NI climate change target: 'More charging points needed for electric cars'

  • Northern Ireland needs to boost the sale of its electric vehicles in order to hit its “ambitious” climate change targets, according to the Society of Motor Manufacturers (SMMT).

    "This includes a long-term government commitment to purchase incentives and substantial investment in infrastructure,” said the society’s chief executive, Mike Hawes.

    In 2019, only 427 Battery Electric Vehicles (BEVs) were sold in NI; an increase from 165 in 2015.

    The BBC reported that there are currently 337 public charging points for electric vehicles across Northern Ireland. This is despite a government commitment in January 2014 to bring the total number to 500.

    According to BBC News NI, a Department for Infrastructure spokesman said "funding constraints across the public sector" were to blame for the missed target.

    RELATED: UK electric car users tripled in latter part of 2019, says research

    The spokesperson added that 54 charge points had been installed at hospitals, health trusts, government department offices and local council offices, continuing: "Should public funding become available for the installation of additional charge point infrastructure, departmental officials will liaise closely with commercial providers and the Office for Low Emission Vehicles to ensure the charging infrastructure continues to remain fit for purpose."

    Last month, Transport Secretary Grant Shapps announced that £10m would be provided for on-street charge points, doubling the current funding "to make electric cars the new normal".

    However, the Department for Infrastructure could not confirm how much of the funding would be spent in Northern Ireland.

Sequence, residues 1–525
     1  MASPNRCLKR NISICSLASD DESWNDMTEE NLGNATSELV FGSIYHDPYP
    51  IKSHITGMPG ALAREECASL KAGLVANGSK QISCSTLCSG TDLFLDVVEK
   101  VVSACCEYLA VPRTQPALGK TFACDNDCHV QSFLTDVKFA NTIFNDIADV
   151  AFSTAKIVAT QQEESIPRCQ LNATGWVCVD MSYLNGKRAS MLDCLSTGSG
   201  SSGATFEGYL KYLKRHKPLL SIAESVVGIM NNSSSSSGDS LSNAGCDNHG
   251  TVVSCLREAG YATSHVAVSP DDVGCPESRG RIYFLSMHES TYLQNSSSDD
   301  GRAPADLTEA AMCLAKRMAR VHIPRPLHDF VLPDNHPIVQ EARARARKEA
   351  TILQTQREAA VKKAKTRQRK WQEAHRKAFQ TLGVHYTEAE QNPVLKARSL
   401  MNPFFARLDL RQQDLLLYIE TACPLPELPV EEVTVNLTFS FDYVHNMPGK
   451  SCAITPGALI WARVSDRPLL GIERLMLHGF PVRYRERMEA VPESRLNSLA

(c) SMMT

    Department for Transport figures near the end of 2019 showed that the number of low-emission vehicles in NI rose by 18% in the year to end of September, while the total number of vehicles increased by just 2%.

    RELATED: Ulster University researchers to explore electric vehicle potential

    Greg Wilson, founder of Belfast-based car insurance comparison websites CompareNI and Quotezone, said that while the total number of low-emission vehicles remained relatively low their popularity was growing fast. 

    "The impressive growth in the number of drivers opting for an ultra-low emission vehicle over a petrol or diesel motor is very welcome news - not only because these vehicles are better for the environment, but also because the growing number on Britain's roads should gradually help to reduce the cost of insuring these cars. 

    This is taking into consideration electric hybrid cars, which Caroline Willis, finance director of Shelbourne Motors said shows a change in consumer attitudes: “"More charging points could encourage the move to fully electric.”

    She added that the government’s 2035 target for BEV-only sales is achievable, “but needs action now.”

    This target has been set by the government in order to achieve an “almost entirely zero emission fleet by 2050.”

    About the author

    Niamh is a Sync NI writer with a previous background of working in FinTech and financial crime. She has a special interest in sports and emerging technologies. To connect with Niamh, feel free to send her an email or connect on Twitter.

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